Team USA's victory over Russia in group play on Saturday created a new national hero in America, yet sparked intense controversy and scrutiny over a disallowed goal in Russia. In the third period of the game with the score tied, an apparent goal was then disallowed after review because the net was off its mooring by just an inch.
According to NHL rules the goal would have counted but according to the International Ice Hockey Federation, the goal should not count because the net had moved. The U.S. would go on to win in a shootout, and instantly conspiracies surfaced regarding the allegiances of the officials and whether the rule was properly enforced.
Speaking to the media on Tuesday, IIHF president Rene Fasel stated that the controversial goal would lead to a rule change after the Olympics. Via Igor Rabiner of Championat.ru and Sean Leahy at Puck Daddy:
What can you say about the disallowed goal because of the dislodged net?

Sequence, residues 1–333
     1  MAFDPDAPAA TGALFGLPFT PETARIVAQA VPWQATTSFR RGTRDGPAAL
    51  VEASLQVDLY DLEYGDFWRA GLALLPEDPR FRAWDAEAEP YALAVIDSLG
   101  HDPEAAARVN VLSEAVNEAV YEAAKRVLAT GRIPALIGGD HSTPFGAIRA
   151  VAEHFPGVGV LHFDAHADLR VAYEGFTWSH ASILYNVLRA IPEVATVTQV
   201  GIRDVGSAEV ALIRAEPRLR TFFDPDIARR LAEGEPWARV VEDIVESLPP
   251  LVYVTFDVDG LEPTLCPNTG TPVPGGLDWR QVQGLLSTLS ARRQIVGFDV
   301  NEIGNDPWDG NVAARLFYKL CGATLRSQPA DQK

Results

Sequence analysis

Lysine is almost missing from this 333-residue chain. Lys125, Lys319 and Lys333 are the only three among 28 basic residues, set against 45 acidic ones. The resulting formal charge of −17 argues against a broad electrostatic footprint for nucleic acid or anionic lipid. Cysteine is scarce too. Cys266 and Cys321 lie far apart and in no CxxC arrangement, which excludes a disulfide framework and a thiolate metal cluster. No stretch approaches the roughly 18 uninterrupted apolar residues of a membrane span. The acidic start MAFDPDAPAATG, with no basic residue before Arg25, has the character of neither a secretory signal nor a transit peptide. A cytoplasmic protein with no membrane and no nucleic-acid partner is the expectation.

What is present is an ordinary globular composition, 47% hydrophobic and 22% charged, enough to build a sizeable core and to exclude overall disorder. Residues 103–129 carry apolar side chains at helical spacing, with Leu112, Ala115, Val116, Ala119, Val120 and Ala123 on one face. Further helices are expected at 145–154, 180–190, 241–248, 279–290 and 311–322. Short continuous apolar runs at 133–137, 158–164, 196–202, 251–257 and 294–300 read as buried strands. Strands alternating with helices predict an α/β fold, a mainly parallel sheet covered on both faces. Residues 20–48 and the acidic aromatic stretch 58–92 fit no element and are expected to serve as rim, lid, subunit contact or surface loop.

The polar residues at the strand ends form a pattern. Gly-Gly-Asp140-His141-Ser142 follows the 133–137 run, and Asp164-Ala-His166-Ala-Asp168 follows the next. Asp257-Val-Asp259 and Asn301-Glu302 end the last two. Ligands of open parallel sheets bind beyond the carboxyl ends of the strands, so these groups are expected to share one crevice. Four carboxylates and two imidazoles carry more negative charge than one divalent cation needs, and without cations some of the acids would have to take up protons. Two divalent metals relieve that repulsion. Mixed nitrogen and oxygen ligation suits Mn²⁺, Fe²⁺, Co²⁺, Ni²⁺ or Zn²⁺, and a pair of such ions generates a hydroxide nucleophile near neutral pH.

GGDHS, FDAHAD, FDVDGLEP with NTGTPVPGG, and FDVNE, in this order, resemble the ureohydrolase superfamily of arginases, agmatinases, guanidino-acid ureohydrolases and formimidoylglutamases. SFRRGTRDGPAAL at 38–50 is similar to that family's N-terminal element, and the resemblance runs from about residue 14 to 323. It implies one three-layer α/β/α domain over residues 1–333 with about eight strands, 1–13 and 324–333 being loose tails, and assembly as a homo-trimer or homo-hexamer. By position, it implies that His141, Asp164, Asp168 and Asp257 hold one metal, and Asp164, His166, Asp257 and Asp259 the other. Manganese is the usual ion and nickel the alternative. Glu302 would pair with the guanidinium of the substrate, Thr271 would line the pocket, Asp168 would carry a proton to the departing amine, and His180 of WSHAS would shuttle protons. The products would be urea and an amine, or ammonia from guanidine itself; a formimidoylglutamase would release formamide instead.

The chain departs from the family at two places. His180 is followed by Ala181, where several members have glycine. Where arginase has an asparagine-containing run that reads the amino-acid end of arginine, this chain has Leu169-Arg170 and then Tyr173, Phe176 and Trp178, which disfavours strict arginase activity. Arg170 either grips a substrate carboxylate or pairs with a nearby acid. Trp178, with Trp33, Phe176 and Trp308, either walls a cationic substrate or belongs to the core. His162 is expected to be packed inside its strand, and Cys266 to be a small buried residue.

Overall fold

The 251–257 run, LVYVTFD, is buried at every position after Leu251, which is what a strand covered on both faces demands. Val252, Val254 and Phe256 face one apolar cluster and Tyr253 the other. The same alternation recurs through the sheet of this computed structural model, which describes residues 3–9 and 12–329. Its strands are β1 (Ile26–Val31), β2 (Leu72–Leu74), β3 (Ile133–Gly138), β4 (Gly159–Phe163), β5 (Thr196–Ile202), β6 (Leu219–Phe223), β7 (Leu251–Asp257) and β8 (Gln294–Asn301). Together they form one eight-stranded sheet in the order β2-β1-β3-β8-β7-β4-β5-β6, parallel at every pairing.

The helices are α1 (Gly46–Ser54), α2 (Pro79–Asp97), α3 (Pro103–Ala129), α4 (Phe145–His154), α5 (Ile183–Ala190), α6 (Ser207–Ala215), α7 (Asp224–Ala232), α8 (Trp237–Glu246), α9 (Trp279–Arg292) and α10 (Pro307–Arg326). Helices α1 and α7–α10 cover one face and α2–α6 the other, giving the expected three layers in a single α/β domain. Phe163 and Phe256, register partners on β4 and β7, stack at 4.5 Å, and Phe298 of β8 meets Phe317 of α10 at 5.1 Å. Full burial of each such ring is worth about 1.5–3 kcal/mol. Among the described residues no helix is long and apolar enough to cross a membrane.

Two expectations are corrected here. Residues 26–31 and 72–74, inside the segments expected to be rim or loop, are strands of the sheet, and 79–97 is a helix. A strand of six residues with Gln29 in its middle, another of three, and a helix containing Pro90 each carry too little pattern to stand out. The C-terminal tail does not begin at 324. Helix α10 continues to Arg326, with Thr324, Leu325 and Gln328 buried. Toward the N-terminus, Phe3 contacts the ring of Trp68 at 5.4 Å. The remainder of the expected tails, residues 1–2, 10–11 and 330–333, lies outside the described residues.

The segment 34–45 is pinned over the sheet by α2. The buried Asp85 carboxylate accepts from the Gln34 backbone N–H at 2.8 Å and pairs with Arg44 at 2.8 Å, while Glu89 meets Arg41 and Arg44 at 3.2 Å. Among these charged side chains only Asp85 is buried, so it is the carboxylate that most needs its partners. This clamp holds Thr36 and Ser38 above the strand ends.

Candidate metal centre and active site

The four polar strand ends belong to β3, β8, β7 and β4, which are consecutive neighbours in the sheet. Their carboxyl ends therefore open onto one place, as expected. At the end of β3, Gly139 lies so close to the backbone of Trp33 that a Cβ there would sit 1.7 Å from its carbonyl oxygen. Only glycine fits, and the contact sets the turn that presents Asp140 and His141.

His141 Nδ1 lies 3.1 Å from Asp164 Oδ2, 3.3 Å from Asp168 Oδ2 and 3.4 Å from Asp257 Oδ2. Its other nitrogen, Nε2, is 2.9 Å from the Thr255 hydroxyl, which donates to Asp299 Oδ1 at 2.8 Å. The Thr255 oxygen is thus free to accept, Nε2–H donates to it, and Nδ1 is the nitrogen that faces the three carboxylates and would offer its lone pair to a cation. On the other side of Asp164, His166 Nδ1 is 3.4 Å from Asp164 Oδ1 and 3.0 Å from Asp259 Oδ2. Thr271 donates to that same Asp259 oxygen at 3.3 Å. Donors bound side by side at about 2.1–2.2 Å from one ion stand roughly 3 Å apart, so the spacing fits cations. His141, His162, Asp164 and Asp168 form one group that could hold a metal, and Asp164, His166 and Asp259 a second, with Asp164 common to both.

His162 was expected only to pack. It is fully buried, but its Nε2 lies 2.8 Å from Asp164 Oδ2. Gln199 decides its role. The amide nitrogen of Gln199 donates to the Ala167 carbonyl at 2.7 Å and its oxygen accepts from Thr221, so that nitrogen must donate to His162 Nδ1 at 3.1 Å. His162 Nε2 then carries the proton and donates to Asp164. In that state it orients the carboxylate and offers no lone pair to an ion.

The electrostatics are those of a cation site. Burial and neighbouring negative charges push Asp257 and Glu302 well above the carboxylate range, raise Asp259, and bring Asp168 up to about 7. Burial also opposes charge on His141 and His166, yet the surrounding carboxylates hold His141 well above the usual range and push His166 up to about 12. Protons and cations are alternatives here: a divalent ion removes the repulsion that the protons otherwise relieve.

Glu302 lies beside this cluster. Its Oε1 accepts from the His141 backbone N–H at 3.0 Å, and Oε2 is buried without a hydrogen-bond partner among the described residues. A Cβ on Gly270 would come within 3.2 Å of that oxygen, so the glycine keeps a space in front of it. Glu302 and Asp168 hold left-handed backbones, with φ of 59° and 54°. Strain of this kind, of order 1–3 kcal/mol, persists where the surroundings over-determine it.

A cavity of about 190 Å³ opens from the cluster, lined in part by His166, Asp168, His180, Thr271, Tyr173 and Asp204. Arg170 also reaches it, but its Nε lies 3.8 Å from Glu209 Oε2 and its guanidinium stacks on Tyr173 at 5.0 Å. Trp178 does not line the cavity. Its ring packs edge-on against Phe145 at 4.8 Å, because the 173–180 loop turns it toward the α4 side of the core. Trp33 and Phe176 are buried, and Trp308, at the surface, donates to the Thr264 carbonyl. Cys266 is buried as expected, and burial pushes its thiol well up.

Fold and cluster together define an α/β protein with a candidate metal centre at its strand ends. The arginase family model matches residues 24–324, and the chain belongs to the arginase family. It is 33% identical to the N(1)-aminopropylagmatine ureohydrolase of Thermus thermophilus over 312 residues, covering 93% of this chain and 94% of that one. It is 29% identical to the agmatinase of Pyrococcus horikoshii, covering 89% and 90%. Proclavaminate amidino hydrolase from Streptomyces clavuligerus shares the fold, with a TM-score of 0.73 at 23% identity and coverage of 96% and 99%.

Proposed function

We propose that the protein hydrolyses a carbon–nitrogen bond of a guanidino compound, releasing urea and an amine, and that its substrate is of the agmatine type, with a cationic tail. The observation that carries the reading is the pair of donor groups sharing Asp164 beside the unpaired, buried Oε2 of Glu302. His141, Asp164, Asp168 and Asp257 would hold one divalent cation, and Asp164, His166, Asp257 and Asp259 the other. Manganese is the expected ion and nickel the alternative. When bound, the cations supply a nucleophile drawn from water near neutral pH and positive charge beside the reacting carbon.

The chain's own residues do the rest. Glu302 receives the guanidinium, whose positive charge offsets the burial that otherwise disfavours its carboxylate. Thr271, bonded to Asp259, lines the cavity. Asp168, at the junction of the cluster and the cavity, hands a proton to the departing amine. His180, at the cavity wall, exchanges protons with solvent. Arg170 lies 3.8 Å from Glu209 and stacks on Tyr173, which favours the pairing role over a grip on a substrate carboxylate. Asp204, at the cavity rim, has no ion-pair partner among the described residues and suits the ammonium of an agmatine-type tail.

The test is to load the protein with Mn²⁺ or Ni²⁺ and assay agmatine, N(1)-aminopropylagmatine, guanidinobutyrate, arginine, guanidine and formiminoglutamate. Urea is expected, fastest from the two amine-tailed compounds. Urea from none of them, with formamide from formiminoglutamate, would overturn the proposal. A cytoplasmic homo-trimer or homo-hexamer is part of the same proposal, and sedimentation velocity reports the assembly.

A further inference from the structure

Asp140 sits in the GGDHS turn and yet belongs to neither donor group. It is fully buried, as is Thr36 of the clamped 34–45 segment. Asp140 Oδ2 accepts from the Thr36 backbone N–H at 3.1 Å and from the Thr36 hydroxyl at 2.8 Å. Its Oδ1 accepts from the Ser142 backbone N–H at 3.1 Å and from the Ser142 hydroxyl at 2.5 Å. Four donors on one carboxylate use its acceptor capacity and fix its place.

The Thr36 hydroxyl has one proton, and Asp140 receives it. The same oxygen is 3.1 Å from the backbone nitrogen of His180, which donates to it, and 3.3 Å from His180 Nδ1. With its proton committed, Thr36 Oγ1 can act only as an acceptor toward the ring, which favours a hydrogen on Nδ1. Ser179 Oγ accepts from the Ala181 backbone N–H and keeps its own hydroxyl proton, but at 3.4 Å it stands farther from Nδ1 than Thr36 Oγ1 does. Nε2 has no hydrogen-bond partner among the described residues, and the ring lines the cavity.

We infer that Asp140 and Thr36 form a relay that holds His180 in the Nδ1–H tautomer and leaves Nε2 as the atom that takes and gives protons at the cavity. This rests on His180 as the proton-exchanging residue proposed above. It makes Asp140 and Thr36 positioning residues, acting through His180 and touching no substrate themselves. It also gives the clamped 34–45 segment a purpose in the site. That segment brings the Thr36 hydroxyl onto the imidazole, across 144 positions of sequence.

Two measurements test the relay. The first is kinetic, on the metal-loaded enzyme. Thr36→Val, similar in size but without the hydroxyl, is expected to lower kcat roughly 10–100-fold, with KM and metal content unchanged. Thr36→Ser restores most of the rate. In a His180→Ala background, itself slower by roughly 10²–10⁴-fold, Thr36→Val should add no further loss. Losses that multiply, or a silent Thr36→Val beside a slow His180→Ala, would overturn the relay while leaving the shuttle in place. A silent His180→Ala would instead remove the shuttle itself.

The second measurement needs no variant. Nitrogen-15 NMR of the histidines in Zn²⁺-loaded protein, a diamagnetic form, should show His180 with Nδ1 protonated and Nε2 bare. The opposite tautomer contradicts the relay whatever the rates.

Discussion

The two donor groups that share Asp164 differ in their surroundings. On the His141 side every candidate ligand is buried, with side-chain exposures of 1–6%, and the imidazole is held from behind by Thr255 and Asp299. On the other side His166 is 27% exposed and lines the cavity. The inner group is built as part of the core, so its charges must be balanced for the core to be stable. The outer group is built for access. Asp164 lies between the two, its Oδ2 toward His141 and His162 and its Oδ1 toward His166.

"We will change that rule. To disallow a goal because of two centimeters? That's nonsense. But that is the existing rule, nothing can be done. That's why I think that this rule needs to be changed and officiate the way it is done in the NHL. That's what we will do."
Players and coaches stated after the game they were never given a good explanation on why the goal was not allowed, nor were they aware of the rule that states the net must be completely on its moorings for a goal to count.
Fasel also answered questions regarding the officials and stated that the IIHF would not be changing the rule that allows the same player to be used again after the third round of the shootout.